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Fuel efficiency Ancap rating
$72,590–$99,590 N/A 5

The Kia EV6 is the brand’s first dedicated electric vehicle and its top-spec GT-Line AWD variant was the winner of Wheels Car of the Year in 2022.

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Ford Mustang Mach E V Volkswagen Id 4 V Tesla Model Y V Kia Ev 6 Comparison

Ford Mustang Mach-E v Tesla Model Y v Kia EV6 v VW ID.4: Spec battle!

Ford's Mustang Mach-E electric SUV is finally confirmed for Australia – so how does it stack up against a few potential rivals?

30 Mar 2023

Traditional carmakers are paying strong attention to electric vehicles, and both Ford and Volkswagen are expanding availability globally – with both announcing big news for Australia this week.

Electric vehicle (EV) take-up continues to be slowed by market preferences and minimal incentives in Australia, pushing supply towards more EV-friendly regions.

But, after years of waiting, the Ford Mustang Mach-E and Volkswagen ID.4 are finally confirmed for Australia.

Ford has confirmed the Mustang Mach-E will arrive from “later this year (2023)”, while Volkswagen claims the ID.4 – and its ID.5 coupe SUV sibling – are due in the first half of 2024.

So, how do the Ford Mustang Mach-E and Volkswagen ID.4 compare against the established and conceptually-similar Tesla Model Y, and the 2022 Wheels Car of the Year-winning Kia EV6? Let’s find out.


Firstly, are you interested in a medium-to-large electric SUV available now?

Check out our coverage below.


There’s no need to guess pricing for the Model Y and EV6, as both vehicles are available in Australia.

Both start around $70,000 before on-road costs, rising to $100,000 for the performance-orientated flagships.

As for the Mustang Mach-E, it is a bit harder to estimate, but our calculations – based on UK and US pricing – suggest a price between $70,000 and $110,000 before on-roads.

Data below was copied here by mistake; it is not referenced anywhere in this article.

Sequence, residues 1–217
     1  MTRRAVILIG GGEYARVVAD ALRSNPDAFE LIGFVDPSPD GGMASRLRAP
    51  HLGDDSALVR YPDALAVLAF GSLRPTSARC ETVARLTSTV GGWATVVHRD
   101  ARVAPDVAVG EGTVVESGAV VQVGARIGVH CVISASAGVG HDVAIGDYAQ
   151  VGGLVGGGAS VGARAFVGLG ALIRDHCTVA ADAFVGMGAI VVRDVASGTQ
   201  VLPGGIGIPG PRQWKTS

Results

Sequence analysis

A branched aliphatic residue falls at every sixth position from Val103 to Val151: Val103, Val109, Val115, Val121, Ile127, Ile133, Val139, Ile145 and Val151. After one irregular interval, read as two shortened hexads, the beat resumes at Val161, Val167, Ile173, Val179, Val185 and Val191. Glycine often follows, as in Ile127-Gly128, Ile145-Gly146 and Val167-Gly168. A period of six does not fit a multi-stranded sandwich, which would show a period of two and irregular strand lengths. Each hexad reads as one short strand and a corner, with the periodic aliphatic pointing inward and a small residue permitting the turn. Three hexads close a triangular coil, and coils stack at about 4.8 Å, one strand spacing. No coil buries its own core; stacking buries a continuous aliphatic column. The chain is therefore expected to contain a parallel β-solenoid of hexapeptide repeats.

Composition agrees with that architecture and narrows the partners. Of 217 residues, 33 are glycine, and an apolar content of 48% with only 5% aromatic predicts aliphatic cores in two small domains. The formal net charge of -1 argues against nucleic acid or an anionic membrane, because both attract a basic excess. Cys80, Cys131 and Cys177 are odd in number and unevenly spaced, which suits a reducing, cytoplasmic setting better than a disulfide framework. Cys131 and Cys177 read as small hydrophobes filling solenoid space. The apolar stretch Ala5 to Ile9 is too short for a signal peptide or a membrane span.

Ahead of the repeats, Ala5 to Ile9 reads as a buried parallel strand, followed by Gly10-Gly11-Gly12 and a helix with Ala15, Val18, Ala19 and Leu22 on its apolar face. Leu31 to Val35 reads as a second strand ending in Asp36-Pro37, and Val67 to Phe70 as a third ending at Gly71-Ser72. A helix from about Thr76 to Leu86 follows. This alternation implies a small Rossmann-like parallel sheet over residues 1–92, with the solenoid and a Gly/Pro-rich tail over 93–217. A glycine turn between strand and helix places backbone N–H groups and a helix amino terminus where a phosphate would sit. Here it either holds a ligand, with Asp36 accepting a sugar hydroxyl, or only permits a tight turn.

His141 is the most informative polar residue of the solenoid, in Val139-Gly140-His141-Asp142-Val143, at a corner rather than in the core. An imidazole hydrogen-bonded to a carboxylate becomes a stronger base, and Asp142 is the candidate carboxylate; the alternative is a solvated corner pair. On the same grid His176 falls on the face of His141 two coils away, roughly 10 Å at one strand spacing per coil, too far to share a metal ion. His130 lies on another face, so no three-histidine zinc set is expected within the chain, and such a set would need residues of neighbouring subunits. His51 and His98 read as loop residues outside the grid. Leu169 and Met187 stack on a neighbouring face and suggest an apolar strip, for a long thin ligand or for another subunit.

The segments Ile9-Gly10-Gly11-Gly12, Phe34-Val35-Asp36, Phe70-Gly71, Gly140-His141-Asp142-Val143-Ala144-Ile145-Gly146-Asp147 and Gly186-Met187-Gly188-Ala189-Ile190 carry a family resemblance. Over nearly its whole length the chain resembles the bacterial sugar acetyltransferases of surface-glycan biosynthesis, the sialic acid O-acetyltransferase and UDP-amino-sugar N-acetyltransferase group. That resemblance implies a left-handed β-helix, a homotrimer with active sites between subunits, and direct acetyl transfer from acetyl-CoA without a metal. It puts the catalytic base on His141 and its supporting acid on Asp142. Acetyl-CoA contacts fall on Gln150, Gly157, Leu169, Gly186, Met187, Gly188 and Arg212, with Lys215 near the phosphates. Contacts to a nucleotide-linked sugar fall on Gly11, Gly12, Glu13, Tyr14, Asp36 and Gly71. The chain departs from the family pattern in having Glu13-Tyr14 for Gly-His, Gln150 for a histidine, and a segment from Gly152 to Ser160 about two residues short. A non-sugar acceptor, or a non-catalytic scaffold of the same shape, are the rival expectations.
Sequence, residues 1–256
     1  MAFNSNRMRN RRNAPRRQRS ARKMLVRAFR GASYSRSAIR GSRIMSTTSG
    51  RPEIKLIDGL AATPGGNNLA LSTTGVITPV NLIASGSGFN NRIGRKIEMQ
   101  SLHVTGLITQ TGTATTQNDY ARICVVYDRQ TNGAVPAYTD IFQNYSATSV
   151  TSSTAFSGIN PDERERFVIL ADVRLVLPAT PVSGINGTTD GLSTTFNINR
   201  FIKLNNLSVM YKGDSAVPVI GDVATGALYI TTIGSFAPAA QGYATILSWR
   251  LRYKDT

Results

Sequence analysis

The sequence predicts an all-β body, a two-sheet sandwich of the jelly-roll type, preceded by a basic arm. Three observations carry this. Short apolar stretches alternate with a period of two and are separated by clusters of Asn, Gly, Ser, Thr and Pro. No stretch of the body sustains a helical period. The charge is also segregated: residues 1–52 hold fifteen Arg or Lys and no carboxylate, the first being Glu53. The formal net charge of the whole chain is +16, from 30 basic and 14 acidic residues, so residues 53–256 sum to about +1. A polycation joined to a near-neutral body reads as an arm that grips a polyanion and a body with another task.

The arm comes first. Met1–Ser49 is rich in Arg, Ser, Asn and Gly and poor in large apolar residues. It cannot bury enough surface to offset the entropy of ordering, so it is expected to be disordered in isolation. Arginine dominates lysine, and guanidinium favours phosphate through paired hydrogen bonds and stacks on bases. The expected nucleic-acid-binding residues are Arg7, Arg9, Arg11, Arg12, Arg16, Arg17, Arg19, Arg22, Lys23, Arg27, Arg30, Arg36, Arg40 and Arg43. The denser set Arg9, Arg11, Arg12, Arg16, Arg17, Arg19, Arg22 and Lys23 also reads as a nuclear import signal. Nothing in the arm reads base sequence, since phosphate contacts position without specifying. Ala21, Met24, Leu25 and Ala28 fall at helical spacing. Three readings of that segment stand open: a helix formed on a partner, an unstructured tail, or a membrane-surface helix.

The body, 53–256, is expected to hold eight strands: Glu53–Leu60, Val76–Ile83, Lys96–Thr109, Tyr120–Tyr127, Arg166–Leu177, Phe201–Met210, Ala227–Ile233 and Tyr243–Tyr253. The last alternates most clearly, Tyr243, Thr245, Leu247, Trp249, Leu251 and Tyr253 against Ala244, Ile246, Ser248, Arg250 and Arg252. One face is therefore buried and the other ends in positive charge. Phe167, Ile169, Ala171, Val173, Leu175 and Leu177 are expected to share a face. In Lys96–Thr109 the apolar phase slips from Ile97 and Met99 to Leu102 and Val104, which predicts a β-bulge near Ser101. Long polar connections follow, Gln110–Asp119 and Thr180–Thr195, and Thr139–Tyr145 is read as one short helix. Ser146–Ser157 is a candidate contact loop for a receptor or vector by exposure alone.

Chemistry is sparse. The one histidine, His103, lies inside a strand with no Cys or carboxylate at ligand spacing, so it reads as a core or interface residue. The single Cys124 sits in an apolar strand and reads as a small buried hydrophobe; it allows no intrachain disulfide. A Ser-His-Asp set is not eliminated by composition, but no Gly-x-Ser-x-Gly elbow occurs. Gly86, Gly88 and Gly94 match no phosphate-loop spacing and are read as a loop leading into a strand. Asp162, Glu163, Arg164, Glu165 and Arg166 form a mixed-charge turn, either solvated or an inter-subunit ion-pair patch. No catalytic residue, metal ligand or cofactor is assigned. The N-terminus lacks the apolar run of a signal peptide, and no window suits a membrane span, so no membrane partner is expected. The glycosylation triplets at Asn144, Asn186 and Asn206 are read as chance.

Last year, Volkswagen managing director for passenger vehicles, Michal Szaniecki, said the ID.4 and its swoopy ID.5 coupe sibling would be priced in line with the Tiguan R-Line and the Tiguan R.

Exact spec hasn't been locked in, but expect the first batch to match the Pro Performance trim offered in Europe, with a 77kWh battery and a driving range of around 520 kilometres.

The flagship GTX will arrive later.

As such, we'd estimate a price between $60,000 for the entry ID.4 and $80,000 for the GTX – similar to the R-Line and R, respectively.

All estimated prices exclude on-road costs (taxes, registration, third-party insurance and dealer delivery charges) and EV incentives, which are subject to change.

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As the table below shows, the Kia EV6 is the most powerful, with the flagship GT grade packing a serious punch.

It is followed by the Mach-E and Model Y, which pack a similar punch to provide some serious performance at around $100,000 for the most-powerful versions.

However, the Volkswagen ID.4 still has respectable outputs, and the GTX is pitched as an electric alternative to the traditional Golf GTI.

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Driving range

All vehicles are closely matched for claimed driving range, with the most-powerful Mach-E, EV6 and ID.4 variants having a compromised range in favour of added performance.